I hope you had a happy one.


Well, I survived my first Black Friday. More importantly, we managed to get up to North Carolina for a post-Thanksgiving family visit. It was beautiful. Here are a few bookish highlights/musings from our weekend.

1) While in NC I visited my former local indie bookstore and chatted with the bookseller. Was pleased to hear that their business has picked up a lot with the holidays. I hope this good news is voiced by your booksellers too. Do let us know. Also I bought this book (by one of North Carolina’s more famous authors) and have high hopes for it. If it’s any good, I think my mother would love to find it in her Christmas stocking.

2) Luke and I have been working our way through The Magicians by Lev Grossman. I had heard so many good things about the book and the description sounded good: a more adult Harry Potter or Narnia, but with darker themes. Alas, 300 pages into it (300 to go), I find it all a bit teen-angsty. Plus, the protagonist still doesn’t have a mission. However, there are some interesting ideas: magician students turning into geese and flying south to Antarctica, tattoos with demons lodged inside who jump out and defend their “keeper” in times of need, and the theory that one character provides that magicians (and, by extension, people who seek out magic) are all basically unhappy. It’s intriguing. But we’re tired of Grossman trying to sound edgy and young. The teenagers are constantly getting drunk off of sherry and champagne (really?) and calling one another by the first letter of their names: “What’s happening, Q?” We’re going to tough it out and see if any of the loose plot ends tie themselves up. But we are looking forward to getting on to the next read. And in the meantime, we’re enjoying dipping into PG Wodehouse when we need a break and a laugh.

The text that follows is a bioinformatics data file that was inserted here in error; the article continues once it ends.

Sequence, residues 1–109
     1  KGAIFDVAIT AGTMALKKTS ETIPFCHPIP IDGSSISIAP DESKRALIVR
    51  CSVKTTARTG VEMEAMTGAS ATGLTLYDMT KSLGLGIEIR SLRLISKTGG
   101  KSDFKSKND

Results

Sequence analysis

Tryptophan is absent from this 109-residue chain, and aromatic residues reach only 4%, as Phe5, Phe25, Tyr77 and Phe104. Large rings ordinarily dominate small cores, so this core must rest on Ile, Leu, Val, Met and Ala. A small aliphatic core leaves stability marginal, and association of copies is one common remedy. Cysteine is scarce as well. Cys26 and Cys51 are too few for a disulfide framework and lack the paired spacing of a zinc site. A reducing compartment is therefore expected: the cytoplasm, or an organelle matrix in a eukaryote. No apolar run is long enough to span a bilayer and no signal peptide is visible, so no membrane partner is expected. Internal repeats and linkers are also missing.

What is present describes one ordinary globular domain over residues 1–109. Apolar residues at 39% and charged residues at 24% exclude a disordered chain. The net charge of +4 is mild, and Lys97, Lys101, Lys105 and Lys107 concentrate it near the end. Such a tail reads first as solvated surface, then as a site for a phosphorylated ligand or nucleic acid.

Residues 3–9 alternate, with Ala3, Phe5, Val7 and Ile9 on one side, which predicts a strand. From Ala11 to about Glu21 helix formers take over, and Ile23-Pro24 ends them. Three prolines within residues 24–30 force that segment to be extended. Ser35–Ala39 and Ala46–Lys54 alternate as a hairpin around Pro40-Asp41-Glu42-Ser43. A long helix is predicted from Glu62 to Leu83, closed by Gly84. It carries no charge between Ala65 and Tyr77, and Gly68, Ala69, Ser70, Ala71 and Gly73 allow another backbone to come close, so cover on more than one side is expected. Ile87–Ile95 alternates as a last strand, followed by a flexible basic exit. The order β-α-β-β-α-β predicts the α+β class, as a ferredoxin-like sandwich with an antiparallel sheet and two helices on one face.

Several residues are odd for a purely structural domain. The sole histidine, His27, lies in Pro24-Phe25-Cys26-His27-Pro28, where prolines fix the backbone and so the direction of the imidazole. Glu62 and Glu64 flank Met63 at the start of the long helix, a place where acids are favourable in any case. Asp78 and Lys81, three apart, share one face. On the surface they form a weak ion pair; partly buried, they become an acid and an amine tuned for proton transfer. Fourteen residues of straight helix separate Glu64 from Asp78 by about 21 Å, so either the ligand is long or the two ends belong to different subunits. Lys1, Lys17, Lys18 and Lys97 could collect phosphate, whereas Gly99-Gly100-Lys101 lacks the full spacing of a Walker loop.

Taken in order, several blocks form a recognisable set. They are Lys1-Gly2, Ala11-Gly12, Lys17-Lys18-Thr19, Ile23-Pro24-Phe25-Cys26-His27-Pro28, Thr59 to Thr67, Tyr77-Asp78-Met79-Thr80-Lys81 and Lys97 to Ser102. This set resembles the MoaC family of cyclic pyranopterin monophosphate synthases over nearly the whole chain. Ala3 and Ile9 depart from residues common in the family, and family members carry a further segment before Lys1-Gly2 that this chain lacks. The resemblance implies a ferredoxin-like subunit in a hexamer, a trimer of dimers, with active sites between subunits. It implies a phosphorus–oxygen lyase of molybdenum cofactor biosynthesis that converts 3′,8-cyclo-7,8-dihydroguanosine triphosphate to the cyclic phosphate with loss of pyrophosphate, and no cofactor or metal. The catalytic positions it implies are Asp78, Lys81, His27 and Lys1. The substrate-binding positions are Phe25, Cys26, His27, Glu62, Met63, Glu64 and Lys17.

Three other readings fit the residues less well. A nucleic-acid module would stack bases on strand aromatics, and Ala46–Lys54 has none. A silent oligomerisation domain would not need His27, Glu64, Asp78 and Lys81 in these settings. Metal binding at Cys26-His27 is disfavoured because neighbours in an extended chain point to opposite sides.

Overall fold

3) We spent a few relaxed afternoons this weekend sacked out on the couch, sipping green tea and listening to Sting’s Winter album . The sounds in that album are so mysterious and enchanting. It perfectly sets the mood for winter. Now I’m really anxious to pick up some more wintery-sounding albums, as opposed to purely Christmasy ones. I’m going to stop by Decatur CD this week and see what they have. It’s exciting to be preparing for Christmas. Can you recommend any good Christmas/Winter CDs?

“It’s not that screens are bad and books are good, but what books do depends on the totality of what they are… above all the way they invite a child to withdraw from this world into a world alongside ours in an activity at once mentally strenuous and physically still.”

Adam Gopnik

From Book Love: A Celebration of Writers, Readers, and The Printed & Bound Book, edited by James Charlton and Bill Henderson

On that note, I was wondering, will you be “withdrawing from this world into a world alongside ours” this Thanksgiving?